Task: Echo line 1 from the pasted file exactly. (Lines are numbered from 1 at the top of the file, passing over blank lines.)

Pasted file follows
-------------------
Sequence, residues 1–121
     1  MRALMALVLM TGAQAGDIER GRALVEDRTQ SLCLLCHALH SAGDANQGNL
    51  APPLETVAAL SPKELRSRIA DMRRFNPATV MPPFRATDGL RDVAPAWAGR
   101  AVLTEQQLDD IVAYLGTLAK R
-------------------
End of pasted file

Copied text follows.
Sequence, residues 1–121